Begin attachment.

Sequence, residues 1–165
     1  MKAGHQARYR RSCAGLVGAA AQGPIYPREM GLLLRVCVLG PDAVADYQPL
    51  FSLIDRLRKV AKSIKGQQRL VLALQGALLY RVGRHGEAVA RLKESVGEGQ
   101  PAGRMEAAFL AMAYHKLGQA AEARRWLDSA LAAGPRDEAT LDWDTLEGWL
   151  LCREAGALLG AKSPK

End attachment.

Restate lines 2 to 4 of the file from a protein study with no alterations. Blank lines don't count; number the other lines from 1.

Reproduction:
     1  MKAGHQARYR RSCAGLVGAA AQGPIYPREM GLLLRVCVLG PDAVADYQPL
    51  FSLIDRLRKV AKSIKGQQRL VLALQGALLY RVGRHGEAVA RLKESVGEGQ
   101  PAGRMEAAFL AMAYHKLGQA AEARRWLDSA LAAGPRDEAT LDWDTLEGWL